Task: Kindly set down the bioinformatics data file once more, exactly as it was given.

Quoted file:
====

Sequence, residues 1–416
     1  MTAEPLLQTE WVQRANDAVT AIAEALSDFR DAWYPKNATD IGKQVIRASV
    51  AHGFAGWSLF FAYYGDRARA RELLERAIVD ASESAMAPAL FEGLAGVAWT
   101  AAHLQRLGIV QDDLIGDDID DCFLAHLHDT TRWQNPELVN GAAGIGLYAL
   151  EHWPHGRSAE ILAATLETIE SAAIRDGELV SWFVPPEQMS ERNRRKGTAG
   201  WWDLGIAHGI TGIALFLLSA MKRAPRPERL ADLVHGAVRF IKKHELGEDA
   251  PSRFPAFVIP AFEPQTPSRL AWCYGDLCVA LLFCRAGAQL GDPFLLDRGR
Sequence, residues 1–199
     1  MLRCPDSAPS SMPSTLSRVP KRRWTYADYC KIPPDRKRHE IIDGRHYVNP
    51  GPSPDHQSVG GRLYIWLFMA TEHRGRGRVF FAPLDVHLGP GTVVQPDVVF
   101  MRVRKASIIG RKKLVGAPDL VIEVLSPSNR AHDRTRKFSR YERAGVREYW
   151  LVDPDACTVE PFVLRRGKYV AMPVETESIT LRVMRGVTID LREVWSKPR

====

Sequence, residues 1–416
     1  MTAEPLLQTE WVQRANDAVT AIAEALSDFR DAWYPKNATD IGKQVIRASV
    51  AHGFAGWSLF FAYYGDRARA RELLERAIVD ASESAMAPAL FEGLAGVAWT
   101  AAHLQRLGIV QDDLIGDDID DCFLAHLHDT TRWQNPELVN GAAGIGLYAL
   151  EHWPHGRSAE ILAATLETIE SAAIRDGELV SWFVPPEQMS ERNRRKGTAG
   201  WWDLGIAHGI TGIALFLLSA MKRAPRPERL ADLVHGAVRF IKKHELGEDA
   251  PSRFPAFVIP AFEPQTPSRL AWCYGDLCVA LLFCRAGAQL GDPFLLDRGR
Sequence, residues 1–199
     1  MLRCPDSAPS SMPSTLSRVP KRRWTYADYC KIPPDRKRHE IIDGRHYVNP
    51  GPSPDHQSVG GRLYIWLFMA TEHRGRGRVF FAPLDVHLGP GTVVQPDVVF
   101  MRVRKASIIG RKKLVGAPDL VIEVLSPSNR AHDRTRKFSR YERAGVREYW
   151  LVDPDACTVE PFVLRRGKYV AMPVETESIT LRVMRGVTID LREVWSKPR